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1.8.2 Techniques to Investigate Potential Defendants

When suing public corporations, annual reports to shareholders and various filings required by the U.S. Securities and Exchange Commission may provide helpful information about the company. The principal filing is the annual report on Form 10K. In addition, a new issue of securities is usually registered using SEC Form S-1. Form S-1 must be filed for such things as securitizations of B- to D-grade car paper and home mortgages. These filings will often lead plaintiffs’ counsel to additional defendants and provide detailed information about the business relationships underlying the used-car or mortgage fraud perpetrated on the client. For further information on accessing publicly available corporate information, review Researching Public Companies through EDGAR: A Guide for Investors.163

If the prospective defendant is believed to be an affiliate of a public company, the existence and nature of the relationship can be ascertained by an online computer search of 10Ks and similar filings of public companies.164 Since public companies must disclose significant business relationships, it is sometimes possible to obtain information about nonpublic companies through this computer search. In addition, since public companies must disclose material litigation, it is often possible to determine whether the company has been accused of similar conduct elsewhere.

Other regulated industries have various annual filing or registration requirements. For example, insurance companies file annual reports with state insurance departments. Banks, savings and loan associations, and other financial institutions are required to file periodic reports with various regulatory agencies.

For smaller businesses, there are a variety of pre-litigation investigative techniques:

  • Search engines. As a rule, the best starting point is your own favorite online search engine (for example, Google). Type in the company name and see what you get. Disgruntled customers may make comments online. The company may have its own site. The possibilities are endless, and the results come fast.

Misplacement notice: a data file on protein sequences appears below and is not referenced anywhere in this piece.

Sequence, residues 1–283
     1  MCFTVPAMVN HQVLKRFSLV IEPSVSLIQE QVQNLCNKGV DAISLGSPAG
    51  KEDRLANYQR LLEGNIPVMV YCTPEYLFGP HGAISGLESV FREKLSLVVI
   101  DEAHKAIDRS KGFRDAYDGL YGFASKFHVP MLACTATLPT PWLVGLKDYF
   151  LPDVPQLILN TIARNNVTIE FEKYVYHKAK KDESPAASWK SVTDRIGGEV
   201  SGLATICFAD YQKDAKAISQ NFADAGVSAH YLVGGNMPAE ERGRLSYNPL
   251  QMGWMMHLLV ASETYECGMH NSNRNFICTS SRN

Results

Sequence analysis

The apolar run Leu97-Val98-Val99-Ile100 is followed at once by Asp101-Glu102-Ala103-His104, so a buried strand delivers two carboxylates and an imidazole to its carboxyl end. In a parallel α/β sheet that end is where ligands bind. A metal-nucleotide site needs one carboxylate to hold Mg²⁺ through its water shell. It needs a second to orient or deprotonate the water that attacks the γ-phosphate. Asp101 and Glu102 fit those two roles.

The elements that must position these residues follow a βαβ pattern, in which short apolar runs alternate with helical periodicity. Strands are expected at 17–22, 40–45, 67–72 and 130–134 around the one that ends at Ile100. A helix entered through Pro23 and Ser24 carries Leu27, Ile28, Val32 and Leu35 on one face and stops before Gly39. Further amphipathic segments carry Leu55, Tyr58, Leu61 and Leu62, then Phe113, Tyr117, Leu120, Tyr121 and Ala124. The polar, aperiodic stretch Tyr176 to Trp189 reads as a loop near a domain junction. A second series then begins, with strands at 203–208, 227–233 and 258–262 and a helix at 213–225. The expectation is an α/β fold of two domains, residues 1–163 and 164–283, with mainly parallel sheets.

• Get public information and, if necessary, file Freedom of Information Act requests. Federal and state agencies often have a wealth of information about a prospective defendant. It is best to try the informal approach first—call, write, or e-mail the appropriate person. If cooperation is not forthcoming, consider filing freedom of information act requests with regulatory and consumer protection agencies—such as a state banking agency, the state agency regulating automobile dealers, the Federal Trade Commission, and the state attorney general—that might have jurisdiction over any portion of the proposed defendant’s business. Whether you do so formally or informally, find out whether they have received any complaints about the company or whether consent decrees have been entered into by the company. If the company operates in other states, seek this same information from agencies in those states as well. State agency records may contain much useful information, such as the annual sales volume of a car dealership that counsel is planning to sue. Informal or formal information requests should be routinely made for both small and large companies.
  • Visit the establishment. For example, if the potential defendant is a used-car dealer, observe the number of cars on the lot, the number of salespeople employed, and the advertising on the lot.
  • Obtain the company’s filings from the Secretary of State. These will provide the names of the corporate officers and the registered agent and disclose how long the company has been in business. This information can be accessed from online databases, which have the added advantage that one can check for other companies in which the officers of the prospective defendant have an interest, companies that are located at the same address as the prospective defendant, or companies that have names sufficiently similar to suggest corporate affiliation. The Secretary of State may also report whether the company is a corporation in good standing or whether it has been dissolved, voluntarily or involuntarily. The Secretary of State may also have a copy of the company’s annual report.
  • Check UCC filings against the company. This information can be accessed from online databases in many states. Online searches will disclose what apparent assets the company actually owns and where the company obtains its financing. In many cases, searches will reveal additional defendants. For example, banks will often fund the operations of finance companies in low-income neighborhoods and take security interests in the paper generated by the finance companies rather than openly lend in such areas.